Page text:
Skip to main content

Thank you for visiting You are using a browser version with limited support for CSS. To obtain the best experience, we recommend you use a more up to date browser (or turn off compatibility mode in Internet Explorer). In the meantime, to ensure continued support, we are displaying the site without styles and JavaScript.

The human pseudoautosomal regions: a review for genetic epidemiologists


Two intervals of sequence identity at the tips of X and Y chromosomes, the human pseudoautosomal regions PAR1 and PAR2, have drawn interest from researchers in human genetics, cytogenetics, and evolutionary biology. However, they have been widely ignored in linkage and association studies. The pseudoautosomal regions (PARs) pair and recombine during meiosis like autosomes, but the recombination activity in PAR1 is extremely different between sexes. In men, it exhibits the highest recombination frequencies of the genome. Conflicting genetic maps of this region have been estimated by using three-generation pedigrees, sperm typing, and by using haplotypes from single nucleotide polymorphisms. Male genetic map lengths in the literature vary, and linkage disequilibrium has not been analyzed in detail. We review existing tools like genetic and physical maps, linkage disequilibrium methods, linkage and association analysis, implemented statistical methods, and their suitability for PARs. For multipoint linkage analysis, sex specificity must be indicated twice, first using sex-specific maps, and second by considering the sex-specific pseudoautosomal inheritance pattern. Currently, microsatellite panels and single nucleotide polymorphism chips do not contain sufficient numbers of markers in PAR1 and PAR2. The number of markers in PAR1, needed in indirect association studies, should be much larger than for autosomal regions alike in size, since linkage disequilibrium is very low. For genome-wide studies, it is essential to include pseudoautosomal markers since such expensive studies cannot afford to oversee pseudoautosomal linkage or association. This drawback could be solved with a sufficient number of markers, statistical methods that are adopted for the PARs, and their integration into softwares.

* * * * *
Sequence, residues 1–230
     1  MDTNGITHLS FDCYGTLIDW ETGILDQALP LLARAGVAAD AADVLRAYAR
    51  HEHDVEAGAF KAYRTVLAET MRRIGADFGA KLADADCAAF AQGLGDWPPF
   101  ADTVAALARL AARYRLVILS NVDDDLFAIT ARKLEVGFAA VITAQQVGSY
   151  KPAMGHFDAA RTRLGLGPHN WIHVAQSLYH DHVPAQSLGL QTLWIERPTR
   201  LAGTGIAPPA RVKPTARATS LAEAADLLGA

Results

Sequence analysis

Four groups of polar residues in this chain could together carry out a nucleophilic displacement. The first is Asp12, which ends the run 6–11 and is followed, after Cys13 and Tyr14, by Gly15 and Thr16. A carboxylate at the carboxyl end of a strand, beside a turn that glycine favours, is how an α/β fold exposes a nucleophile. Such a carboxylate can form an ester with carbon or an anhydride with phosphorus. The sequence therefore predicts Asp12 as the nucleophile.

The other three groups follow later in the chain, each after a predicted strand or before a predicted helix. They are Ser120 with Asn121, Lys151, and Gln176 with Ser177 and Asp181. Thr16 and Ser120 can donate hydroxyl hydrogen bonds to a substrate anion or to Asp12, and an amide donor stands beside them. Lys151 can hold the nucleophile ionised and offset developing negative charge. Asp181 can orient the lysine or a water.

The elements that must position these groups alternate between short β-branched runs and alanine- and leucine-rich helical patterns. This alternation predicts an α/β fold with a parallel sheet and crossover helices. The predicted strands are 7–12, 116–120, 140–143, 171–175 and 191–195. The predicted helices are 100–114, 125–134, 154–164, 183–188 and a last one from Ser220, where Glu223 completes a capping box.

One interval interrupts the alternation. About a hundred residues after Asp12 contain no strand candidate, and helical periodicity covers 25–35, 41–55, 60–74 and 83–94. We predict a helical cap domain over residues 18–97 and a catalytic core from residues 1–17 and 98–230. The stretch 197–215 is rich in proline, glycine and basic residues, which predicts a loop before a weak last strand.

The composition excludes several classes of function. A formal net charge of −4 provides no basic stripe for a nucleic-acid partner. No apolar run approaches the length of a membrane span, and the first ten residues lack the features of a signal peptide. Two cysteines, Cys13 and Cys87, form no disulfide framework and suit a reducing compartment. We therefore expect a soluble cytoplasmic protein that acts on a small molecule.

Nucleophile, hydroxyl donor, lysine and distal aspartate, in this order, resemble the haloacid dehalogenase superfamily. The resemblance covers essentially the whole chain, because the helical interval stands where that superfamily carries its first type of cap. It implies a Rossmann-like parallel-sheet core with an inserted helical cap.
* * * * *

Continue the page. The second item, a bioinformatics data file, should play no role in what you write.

Sex chromosomes have been an issue of interest for decades because of their distinctive pattern of transmission and their peculiar structure and function. The human sex chromosomes, X and Y, are morphologically and genetically distinct. In humans, women have both X chromosomes alike in size and genetic content. Pairing and recombination can exist along their entire length. Men have one X and one Y chromosome and only two limited regions of identical sequence, located at the tips of the short and long arm of the X and Y chromosomes, as depicted in Figure 1. Their physical lengths are approximately 2.7 Mb for PAR1 and 0.33 Mb for PAR2. During meiosis, pairing and crossover in men takes place in these two regions and therefore they have been termed pseudoautosomal regions or ‘PARs’.1, 2 The pseudoautosomal boundaries separate highly recombinant regions from nonrecombinant regions on the Y and a moderately recombining region on the X chromosome.